Someone shot my dog.
Tiny was born on this place. A Great Pyrenees, daughter of Chiquita. She was the runt of the litter, hence the name.
Sometimes I have to go out at night to check on an irrigation pivot. I drive when I do. Invariably when I’d get to the pivot, I’d see a white object slip quietly from the dark. My protector.
Tiny wanted little out of life. She never killed chickens, to the contrary, she protected them from coyotes and other predators, all night long, every night. She also guarded goats and cats. And us.
She’d wait to eat until the rest were done, as though she were shy about eating while others watched.
She had one litter of pups, only three. We gave two away and kept a single daughter, Pinky, due to the pink nose. Tiny got neutered after the pregnancy, so she wasn’t one to attract the attention of male dogs.
Three days ago, early in the morning, I saw Tiny walking as if in a daze, her soft white fur bathed in crimson from the neck down.
Manuel told me that a neighbor dog had been out in the front pasture, that perhaps she had been mauled.
I tracked Tiny to a farm implement where she laid down. Blood and saliva flowed from her mouth and a conspicuous small hole leered from a spot to one side of her nose.
Her breathing passages appeared obstructed. Her eyes showed signs of pain and shock.
I carried her to the house.
Tiny rarely went inside. She was an outdoor dog and like being an outdoor dog.
She spent the day laying around, bleeding. And for the first time ever, she spent a night in our home.
The next day she wandered out. I found her in a stall where she had raised her pups that night, I suppose a place of comfort for her. When I first spotted her I thought she was dead, but when I called her name, her eyes opened and she wagged her tail a bit, lifting one leg ever so slightly, as though to invite me to pet her.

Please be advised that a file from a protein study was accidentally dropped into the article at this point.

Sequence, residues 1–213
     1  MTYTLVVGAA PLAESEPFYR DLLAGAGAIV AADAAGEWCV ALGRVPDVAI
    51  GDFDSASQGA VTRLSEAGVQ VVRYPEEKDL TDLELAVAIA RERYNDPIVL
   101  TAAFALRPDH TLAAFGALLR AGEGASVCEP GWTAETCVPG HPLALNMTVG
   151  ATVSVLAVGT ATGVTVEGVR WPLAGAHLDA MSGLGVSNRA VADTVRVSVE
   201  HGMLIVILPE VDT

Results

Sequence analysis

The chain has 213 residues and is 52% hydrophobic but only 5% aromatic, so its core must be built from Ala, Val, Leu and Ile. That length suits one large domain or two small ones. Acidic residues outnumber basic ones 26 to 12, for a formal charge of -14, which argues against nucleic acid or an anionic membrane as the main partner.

Tiny survived another night.
The next day, Manuel pointed out that she could not drink, so I got a syringe and tried to squirt milk down her throat. She refused to swallow; the milk drizzled out of the sides of her mouth pink, mixed with blood and spit.
I took her to the vet, an aberration for me.
Vets charge too much money when it comes to dogs.
I held Tiny on a table in an observation room while we waited. She slid down slowly, relaxing even though afraid, trusting me. Finally the vet came in.
He looked into her mouth and showed me a groove in her lower jaw where teeth had once been. He told me he needed to sedate her to get a better look.
I left Tiny in his care, figuring I would come back in a couple of days to pick her up.
Ten minutes later, my cell phone rang.
The vet told me that a bullet had destroyed her lower jaw and the base of her tongue. He had nothing to work with.
I asked him to put her down.
A few minutes later I paid him a hundred and some odd dollars and walked out with an empty collar.
Although I never found his body, I’m pretty sure someone shot Fuzz.
I know someone shot Tiny. And I can’t understand, for the life of me, why.